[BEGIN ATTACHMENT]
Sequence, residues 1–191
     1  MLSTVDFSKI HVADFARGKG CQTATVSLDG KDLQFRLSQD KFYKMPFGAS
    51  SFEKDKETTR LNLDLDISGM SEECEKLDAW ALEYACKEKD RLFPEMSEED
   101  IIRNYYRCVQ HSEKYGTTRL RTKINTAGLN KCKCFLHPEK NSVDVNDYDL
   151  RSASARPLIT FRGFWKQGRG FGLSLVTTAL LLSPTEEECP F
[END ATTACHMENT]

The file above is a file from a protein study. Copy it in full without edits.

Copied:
Sequence, residues 1–191
     1  MLSTVDFSKI HVADFARGKG CQTATVSLDG KDLQFRLSQD KFYKMPFGAS
    51  SFEKDKETTR LNLDLDISGM SEECEKLDAW ALEYACKEKD RLFPEMSEED
   101  IIRNYYRCVQ HSEKYGTTRL RTKINTAGLN KCKCFLHPEK NSVDVNDYDL
   151  RSASARPLIT FRGFWKQGRG FGLSLVTTAL LLSPTEEECP F